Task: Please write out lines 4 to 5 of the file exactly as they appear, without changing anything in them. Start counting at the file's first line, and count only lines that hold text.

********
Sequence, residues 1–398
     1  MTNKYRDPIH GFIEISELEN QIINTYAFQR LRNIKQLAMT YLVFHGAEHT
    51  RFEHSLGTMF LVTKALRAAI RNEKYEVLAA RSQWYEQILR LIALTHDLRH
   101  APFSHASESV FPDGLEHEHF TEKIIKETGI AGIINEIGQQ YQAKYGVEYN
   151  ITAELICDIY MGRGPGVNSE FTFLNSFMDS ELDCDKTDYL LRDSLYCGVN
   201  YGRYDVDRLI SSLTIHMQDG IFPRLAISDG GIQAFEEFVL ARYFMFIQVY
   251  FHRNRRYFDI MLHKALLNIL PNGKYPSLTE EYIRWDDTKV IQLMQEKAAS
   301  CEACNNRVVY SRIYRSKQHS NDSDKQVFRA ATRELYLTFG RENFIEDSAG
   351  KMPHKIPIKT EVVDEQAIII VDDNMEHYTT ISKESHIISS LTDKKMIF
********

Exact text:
   101  APFSHASESV FPDGLEHEHF TEKIIKETGI AGIINEIGQQ YQAKYGVEYN
   151  ITAELICDIY MGRGPGVNSE FTFLNSFMDS ELDCDKTDYL LRDSLYCGVN